A Failure of Capitalism: The Crisis of ’08 and the Descent into Depression
By Richard Posner
(Harvard, $23.95, 346 pages)
IS RICHARD POSNER TOO BIG TO FAIL? That term of art usually refers to companies that are too politically paid up to go down without a few congressional hearings and whispers of bailouts from our disinterested representatives on Capitol Hill. But it can apply to political prognosticators as well. Certain people manage to build up reputations so formidable that they can withstand almost anything. And unlike in the financial services sector, the bottom line often doesn't bite them. A Bernie Madoff-like day of reckoning need never arrive in their lifetimes.
With that in mind, it will be interesting to see what happens to Posner after the publication of his simply awful A Failure of Capitalism (Failure, hereafter). Posner is a judge on the U.S. Court of Appeals for the Seventh Circuit, a lecturer at the University of Chicago, and author of about 40 books, some of them good, on subjects ranging from sex to scandal to plagiarism. His Wikipedia entry sums up the pre-Failure consensus on his life's work thus: "One journal has identified Posner as the most cited legal scholar of all time. He is one of the most respected judges in the United States."
The journal that attested to Posner's influence was Chicago's Journal of Legal Studies, from an article published back in 2000. Now that citation seems beyond dated. High-ranking jurists establish their reputations through their legal reasoning. Posner, a Reagan appointee, was once thought one of the finest minds associated with the "law and economics" movement that tried to make the legal profession more sensitive to market forces. But for reasoning to be effective it must convince, and Posner has lately found himself staring down the twin barrels of incredulous public opinion and judicial incomprehension.
In spite of his earlier opposition to a right to privacy, Posner ruled that the grotesque and medically unnecessary procedure known as partial-birth abortion is a constitutionally protected right. Last year, when the Supreme Court ruled that the District of Columbia's near-total gun ban was unconstitutional, Posner parried in the New Republic that the decision, which simply acknowledged, in the plain meaning of the Second Amendment, that law-abiding citizens have a "right to keep and bear arms," was "questionable in both method and result." Serious scholars of the Second Amendment had a good chuckle over that one.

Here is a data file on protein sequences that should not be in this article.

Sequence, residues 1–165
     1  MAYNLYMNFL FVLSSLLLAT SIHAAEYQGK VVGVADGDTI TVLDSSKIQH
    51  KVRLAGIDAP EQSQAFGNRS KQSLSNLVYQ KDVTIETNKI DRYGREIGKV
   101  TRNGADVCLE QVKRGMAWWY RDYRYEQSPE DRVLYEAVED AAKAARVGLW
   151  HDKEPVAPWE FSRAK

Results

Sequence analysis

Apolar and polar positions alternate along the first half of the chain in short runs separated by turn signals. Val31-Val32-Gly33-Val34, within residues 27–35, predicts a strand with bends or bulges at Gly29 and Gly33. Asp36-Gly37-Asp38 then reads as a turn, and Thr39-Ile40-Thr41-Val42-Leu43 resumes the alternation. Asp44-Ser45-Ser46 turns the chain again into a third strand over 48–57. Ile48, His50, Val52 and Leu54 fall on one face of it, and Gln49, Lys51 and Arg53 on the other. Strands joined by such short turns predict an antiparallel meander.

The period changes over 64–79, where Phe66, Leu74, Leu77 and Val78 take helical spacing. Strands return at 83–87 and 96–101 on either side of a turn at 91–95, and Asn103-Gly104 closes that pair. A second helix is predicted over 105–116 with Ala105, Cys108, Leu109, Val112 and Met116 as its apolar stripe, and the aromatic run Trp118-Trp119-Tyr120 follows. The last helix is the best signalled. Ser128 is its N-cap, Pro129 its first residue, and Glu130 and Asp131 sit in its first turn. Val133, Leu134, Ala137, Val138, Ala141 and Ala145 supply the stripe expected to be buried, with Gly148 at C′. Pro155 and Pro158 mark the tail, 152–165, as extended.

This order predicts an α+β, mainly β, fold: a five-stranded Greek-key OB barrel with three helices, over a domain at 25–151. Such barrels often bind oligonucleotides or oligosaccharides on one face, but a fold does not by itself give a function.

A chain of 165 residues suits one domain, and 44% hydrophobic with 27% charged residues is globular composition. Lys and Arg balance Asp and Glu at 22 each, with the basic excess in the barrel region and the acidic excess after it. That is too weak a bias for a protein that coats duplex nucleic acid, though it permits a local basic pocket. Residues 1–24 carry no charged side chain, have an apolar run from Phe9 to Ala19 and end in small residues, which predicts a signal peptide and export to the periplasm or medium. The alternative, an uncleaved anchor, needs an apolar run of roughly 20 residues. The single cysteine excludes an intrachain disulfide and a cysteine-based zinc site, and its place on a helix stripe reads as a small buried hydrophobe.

And nearly everybody laughed when, on the Becker-Posner blog (a collaboration with Chicago economist and Nobelist Gary Becker), Posner toyed with the idea of "expanding copyright law to bar online access to copyrighted materials without the copyright holder's consent, or to bar linking to or paraphrasing copyrighted materials" without same. Posner wasn't talking about illegally reposting content, just linking to it, or, really, talking about it in any meaningful sense. In his ideal world, this review might be illegal.
Many conservatives have said that they felt betrayed by Posner over this last decade, as he endorsed every liberal trendy cause-from catastrophism to judicial activism-but in reading Failure, it's hard to see why they should want him. The book is a badly written jumble, a prose train wreck, a mishmash of half-thoughts, and irritable mental gestures.
Posner's once good sense fails him from the get-go, when he insists that what America is suffering through right now is not a recession but rather (cue eerie music) a depression. Rather than moving on to the next point, he lingers there too long and defeats himself. He concedes that maybe this won't be as bad as the Great Depression, but "there is semantic space between a ‘Great Depression' and a mere recession," so this could still go down as a Pretty Great Depression.
The world-famous jurist downplays many of the causes that responsible economists have fingered for the buildup of the housing bubble-chiefly, relentless pressure on banks to make risky loans backed by ever-increasing federal quasi-guarantees through Fannie Mae and Freddie Mac, and a burgeoning investment market built on that house of houses- and instead focuses on the red herring of "deregulation."
Posner dances around most of the worst actors in this Greek tragedy-the affordable-housing shakedown artists, the clueless regulators, the politically connected Fannie and Freddie execs, the congressmen who ridiculed the Cassandras-and instead blames capitalism itself. The problem is "systemic," so what the U.S. needs is a different system. Going forward, he advises massive deficit spending, much more highly regulated financial markets, higher taxes, and even the return of usury laws to prevent future "depressions" from occurring. He calls these reforms "small beer," which only invites the sophomoric reply: Party at Posner's house!
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